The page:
1.1 Introduction to Sequencing and Scheduling

Scheduling is a term in our everyday vocabulary, although we may not always have a good definition of it in mind. Actually, it’s not scheduling that is a common concept in our everyday life; rather it is schedules. A schedule is a tangible plan or document, such as a bus schedule or a class schedule. A schedule usually tells us when things are supposed to happen; it shows us a plan for the timing of certain activities and answers the question, “If all goes well, when will a particular event take place?” Suppose we are interested in when dinner will be served or when a bus will depart. In these instances, the event we are interested in is the completion of a particular activity, such as preparing dinner, or the start of a particular activity such as a bus trip. Answers to the “when” question usually come to us with information about timing. Dinner is scheduled to be served at 6:00 p.m., the bus is scheduled to depart at 8:00 a.m., and so on. However, an equally useful answer might be in terms of sequence rather than timing: That is, dinner will be served as soon as the main course is baked, or the bus will depart right after cleaning and maintenance are finished. Thus, the “when” question can be answered by timing or by sequence information obtained from the schedule.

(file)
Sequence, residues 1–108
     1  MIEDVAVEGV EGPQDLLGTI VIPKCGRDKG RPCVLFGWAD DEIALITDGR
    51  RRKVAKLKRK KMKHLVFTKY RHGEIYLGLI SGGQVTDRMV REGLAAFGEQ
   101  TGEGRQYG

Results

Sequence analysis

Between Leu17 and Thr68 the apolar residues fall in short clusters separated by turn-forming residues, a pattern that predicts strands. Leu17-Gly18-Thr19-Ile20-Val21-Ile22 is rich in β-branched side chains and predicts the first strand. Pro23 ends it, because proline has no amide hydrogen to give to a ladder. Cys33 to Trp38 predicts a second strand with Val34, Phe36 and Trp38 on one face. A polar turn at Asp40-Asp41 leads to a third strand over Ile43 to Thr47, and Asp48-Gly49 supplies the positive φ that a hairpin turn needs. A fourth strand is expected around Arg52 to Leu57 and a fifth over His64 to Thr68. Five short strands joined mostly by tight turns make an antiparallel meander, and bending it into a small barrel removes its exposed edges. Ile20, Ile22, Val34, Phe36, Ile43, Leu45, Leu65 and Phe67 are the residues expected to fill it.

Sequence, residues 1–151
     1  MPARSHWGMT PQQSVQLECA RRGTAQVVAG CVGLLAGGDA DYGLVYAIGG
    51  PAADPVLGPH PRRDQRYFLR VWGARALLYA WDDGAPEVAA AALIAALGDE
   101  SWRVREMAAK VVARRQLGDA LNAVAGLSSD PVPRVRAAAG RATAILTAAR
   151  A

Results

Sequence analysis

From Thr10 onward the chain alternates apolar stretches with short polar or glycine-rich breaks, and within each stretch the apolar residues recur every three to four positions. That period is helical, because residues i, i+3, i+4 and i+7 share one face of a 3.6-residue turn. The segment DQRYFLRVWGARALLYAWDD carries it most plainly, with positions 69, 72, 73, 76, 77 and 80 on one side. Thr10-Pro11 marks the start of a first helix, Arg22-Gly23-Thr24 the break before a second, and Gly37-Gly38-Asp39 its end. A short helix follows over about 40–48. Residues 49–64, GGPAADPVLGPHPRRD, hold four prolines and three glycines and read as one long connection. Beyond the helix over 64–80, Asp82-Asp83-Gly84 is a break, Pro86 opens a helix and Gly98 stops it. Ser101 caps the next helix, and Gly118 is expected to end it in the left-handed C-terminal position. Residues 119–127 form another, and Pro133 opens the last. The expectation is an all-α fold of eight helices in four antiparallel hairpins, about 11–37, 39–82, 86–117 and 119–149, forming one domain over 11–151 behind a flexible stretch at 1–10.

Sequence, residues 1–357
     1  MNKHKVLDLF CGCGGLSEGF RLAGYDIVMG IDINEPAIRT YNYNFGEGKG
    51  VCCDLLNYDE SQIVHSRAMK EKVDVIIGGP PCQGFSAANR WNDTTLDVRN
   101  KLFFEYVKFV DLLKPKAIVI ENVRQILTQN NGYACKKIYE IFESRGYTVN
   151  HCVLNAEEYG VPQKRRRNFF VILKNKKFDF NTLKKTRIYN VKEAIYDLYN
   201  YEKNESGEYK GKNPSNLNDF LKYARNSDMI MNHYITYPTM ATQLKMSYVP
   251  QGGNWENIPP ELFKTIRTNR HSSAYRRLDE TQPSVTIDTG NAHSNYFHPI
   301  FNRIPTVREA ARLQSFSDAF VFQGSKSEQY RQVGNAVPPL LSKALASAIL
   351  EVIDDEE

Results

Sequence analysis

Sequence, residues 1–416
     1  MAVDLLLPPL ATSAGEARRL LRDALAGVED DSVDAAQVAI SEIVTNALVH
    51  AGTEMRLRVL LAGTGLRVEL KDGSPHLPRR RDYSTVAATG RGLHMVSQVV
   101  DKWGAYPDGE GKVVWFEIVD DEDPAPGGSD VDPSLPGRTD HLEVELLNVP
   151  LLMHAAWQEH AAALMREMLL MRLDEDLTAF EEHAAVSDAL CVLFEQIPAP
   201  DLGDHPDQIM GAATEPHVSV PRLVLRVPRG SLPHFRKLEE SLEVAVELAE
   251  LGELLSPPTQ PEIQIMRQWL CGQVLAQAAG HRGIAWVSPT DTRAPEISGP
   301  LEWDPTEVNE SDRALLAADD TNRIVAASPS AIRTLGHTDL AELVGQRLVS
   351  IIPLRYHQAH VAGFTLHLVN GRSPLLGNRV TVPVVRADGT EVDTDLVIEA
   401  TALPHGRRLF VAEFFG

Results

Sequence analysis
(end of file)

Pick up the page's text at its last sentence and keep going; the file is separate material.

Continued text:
If we take into account that some events are unpredictable, then changes may occur in a schedule. Thus, we may say that the bus leaves at 8:00 a.m. unless ...

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